Tips for Preventing Infections during Chemotherapy
People with cancer who are treated with chemotherapy are more likely to get infections through everyday activities with their family and friends or from healthcare settings. One out of every 10 people with cancer who receives chemotherapy gets an infection that requires a hospital visit.
Most Cancer-related Blood Clots Occur in Outpatients
In a study of nearly 18,000 people with cancer, University of Rochester Medical Center researchers have found that when blood clots develop – a well-known and serious complication of cancer treatment – 78 percent of the time they occur when a person is out of the hospital, at home or elsewhere, while on chemotherapy.
Living with Uncertainty
While no one wants to think about it, every cancer survivor needs to be prepared for the chance that their cancer may come back some day. This is very hard to think about, especially right after successful cancer treatment. But not being aware of this possibility could be dangerous to your long-term health. There are some things you can do and things you should know that will help you deal with the uncertainty of cancer recurrence.
AICR's Foods that Fight Cancer™
The American Institute for Cancer Research (AICR) has launched a new web-based tool that details the current state of the research on the food-cancer link, and offers practical strategies for adding cancer-protective foods to the day.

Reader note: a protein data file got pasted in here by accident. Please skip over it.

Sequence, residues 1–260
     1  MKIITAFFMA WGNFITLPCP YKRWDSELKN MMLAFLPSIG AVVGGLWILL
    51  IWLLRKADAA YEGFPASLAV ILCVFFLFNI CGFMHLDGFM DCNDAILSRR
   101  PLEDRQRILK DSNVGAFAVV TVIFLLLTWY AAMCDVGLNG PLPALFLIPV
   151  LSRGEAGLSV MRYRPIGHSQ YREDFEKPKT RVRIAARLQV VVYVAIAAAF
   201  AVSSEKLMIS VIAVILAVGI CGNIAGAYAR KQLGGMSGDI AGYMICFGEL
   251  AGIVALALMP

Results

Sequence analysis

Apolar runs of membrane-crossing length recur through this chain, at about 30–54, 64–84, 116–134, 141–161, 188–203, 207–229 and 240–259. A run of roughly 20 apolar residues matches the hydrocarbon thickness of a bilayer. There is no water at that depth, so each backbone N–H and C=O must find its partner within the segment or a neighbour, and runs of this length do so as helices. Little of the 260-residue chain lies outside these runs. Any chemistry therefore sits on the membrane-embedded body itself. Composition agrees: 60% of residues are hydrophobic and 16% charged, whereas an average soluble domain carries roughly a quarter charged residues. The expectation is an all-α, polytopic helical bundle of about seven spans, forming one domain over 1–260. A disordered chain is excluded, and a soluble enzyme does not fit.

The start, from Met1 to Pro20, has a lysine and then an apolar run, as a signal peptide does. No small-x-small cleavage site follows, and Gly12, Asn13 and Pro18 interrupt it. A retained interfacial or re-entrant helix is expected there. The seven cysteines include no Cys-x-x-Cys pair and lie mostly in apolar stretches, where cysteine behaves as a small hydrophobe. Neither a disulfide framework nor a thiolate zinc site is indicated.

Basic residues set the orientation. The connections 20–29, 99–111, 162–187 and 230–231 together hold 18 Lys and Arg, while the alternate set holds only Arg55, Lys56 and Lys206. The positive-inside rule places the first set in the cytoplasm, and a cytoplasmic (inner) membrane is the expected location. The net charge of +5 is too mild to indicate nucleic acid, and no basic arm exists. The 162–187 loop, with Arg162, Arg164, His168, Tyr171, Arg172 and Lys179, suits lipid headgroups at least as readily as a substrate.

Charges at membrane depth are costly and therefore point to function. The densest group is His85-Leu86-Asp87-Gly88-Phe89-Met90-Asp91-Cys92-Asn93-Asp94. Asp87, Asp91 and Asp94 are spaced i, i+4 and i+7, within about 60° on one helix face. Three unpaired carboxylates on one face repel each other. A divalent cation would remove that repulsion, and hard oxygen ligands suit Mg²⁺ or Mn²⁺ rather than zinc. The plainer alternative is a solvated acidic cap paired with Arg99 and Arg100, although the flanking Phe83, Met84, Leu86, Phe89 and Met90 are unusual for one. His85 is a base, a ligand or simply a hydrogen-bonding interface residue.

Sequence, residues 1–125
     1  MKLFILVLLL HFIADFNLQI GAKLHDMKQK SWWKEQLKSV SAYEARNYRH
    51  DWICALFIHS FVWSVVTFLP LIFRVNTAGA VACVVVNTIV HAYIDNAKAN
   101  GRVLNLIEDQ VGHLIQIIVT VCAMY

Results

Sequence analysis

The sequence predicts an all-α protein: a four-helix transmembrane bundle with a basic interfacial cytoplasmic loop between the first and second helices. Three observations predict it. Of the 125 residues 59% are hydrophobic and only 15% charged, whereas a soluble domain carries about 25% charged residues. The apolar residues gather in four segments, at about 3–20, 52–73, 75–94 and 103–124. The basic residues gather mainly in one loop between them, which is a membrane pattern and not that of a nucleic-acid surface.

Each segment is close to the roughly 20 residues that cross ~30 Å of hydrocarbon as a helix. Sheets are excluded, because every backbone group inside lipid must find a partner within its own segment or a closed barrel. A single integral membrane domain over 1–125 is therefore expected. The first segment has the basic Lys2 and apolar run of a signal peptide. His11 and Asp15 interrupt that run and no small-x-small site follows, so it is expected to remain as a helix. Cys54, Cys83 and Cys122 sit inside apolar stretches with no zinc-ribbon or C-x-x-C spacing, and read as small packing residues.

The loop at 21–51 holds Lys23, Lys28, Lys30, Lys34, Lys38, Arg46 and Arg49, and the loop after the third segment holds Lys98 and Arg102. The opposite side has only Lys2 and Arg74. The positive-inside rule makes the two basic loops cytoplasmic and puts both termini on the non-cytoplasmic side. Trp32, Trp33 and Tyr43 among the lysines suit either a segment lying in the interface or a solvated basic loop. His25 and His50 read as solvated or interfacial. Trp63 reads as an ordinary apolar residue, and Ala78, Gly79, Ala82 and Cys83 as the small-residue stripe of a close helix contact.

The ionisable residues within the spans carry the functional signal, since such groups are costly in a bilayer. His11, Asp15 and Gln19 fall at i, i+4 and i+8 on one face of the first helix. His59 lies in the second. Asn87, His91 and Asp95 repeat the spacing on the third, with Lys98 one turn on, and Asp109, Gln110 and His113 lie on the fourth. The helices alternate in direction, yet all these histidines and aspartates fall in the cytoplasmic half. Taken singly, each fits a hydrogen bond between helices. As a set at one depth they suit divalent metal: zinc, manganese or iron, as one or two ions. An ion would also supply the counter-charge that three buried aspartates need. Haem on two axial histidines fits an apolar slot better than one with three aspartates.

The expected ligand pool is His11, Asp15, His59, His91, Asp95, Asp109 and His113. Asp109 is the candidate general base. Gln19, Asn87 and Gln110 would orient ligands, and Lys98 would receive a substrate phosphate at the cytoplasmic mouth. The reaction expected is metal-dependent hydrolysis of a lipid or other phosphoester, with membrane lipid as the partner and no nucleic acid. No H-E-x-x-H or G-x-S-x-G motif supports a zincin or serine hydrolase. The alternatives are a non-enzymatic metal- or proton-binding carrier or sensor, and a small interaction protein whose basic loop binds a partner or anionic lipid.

Surviving – Even Thriving – with an Ostomy
by Dorothy Doughty, MN, RN, CWOCN, FAAN
Coping with a cancer diagnosis is a huge challenge for anyone – but if your cancer involved the bladder, rectum, or cervix, you may also be coping with an ostomy. An ostomy is an opening on the abdominal wall that provides for elimination of stool or urine. A person with an ostomy must wear a pouch to collect the stool or urine.
Updated Guideline on the Use of Antiemetics to Prevent Vomiting and Nausea after Chemotherapy and Radiation Issued
The American Society of Clinical Oncology has issued an update to its clinical practice guideline on the use of antiemetic medications to prevent vomiting and nausea resulting from treatment with chemotherapy or radiation. The new guideline includes comprehensive, stratified recommendations on the use of antiemetics during treatment with chemotherapy drugs that are classified as high, moderate, minimal, and low risk for causing vomiting and nausea.
by Jeff Boyd, PhD
Today, breast cancer, colon cancer, ovarian cancer, and brain cancer all receive the same standardized therapies, despite the fact that no two tumors, even from the same organ, are truly alike. But this “one size fits all” approach to treatment is about to change.
How to Read Your Pathology Report
Surgical pathology reports vary somewhat regarding the information that they contain; however, each report will document the significant details that affect the management of your diagnosis. Typically, a surgical pathology report is divided into a minimum of four to five sections.